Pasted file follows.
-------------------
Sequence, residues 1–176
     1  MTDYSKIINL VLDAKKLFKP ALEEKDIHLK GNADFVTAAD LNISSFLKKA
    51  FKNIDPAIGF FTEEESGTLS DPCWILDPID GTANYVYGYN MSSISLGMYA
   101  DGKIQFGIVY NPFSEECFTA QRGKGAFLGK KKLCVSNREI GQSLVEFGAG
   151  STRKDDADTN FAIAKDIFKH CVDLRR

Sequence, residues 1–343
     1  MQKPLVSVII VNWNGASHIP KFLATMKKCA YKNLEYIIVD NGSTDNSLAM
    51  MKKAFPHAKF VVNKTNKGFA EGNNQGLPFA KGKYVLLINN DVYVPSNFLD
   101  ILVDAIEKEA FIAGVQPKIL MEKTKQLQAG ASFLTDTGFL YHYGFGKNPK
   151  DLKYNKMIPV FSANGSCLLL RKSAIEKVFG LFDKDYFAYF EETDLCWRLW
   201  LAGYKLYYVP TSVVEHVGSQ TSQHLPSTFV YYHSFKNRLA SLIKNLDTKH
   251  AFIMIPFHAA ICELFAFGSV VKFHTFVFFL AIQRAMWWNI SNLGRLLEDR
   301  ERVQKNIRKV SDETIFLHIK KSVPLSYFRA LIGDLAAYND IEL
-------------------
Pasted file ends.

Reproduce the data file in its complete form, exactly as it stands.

Sequence, residues 1–176
     1  MTDYSKIINL VLDAKKLFKP ALEEKDIHLK GNADFVTAAD LNISSFLKKA
    51  FKNIDPAIGF FTEEESGTLS DPCWILDPID GTANYVYGYN MSSISLGMYA
   101  DGKIQFGIVY NPFSEECFTA QRGKGAFLGK KKLCVSNREI GQSLVEFGAG
   151  STRKDDADTN FAIAKDIFKH CVDLRR

Sequence, residues 1–343
     1  MQKPLVSVII VNWNGASHIP KFLATMKKCA YKNLEYIIVD NGSTDNSLAM
    51  MKKAFPHAKF VVNKTNKGFA EGNNQGLPFA KGKYVLLINN DVYVPSNFLD
   101  ILVDAIEKEA FIAGVQPKIL MEKTKQLQAG ASFLTDTGFL YHYGFGKNPK
   151  DLKYNKMIPV FSANGSCLLL RKSAIEKVFG LFDKDYFAYF EETDLCWRLW
   201  LAGYKLYYVP TSVVEHVGSQ TSQHLPSTFV YYHSFKNRLA SLIKNLDTKH
   251  AFIMIPFHAA ICELFAFGSV VKFHTFVFFL AIQRAMWWNI SNLGRLLEDR
   301  ERVQKNIRKV SDETIFLHIK KSVPLSYFRA LIGDLAAYND IEL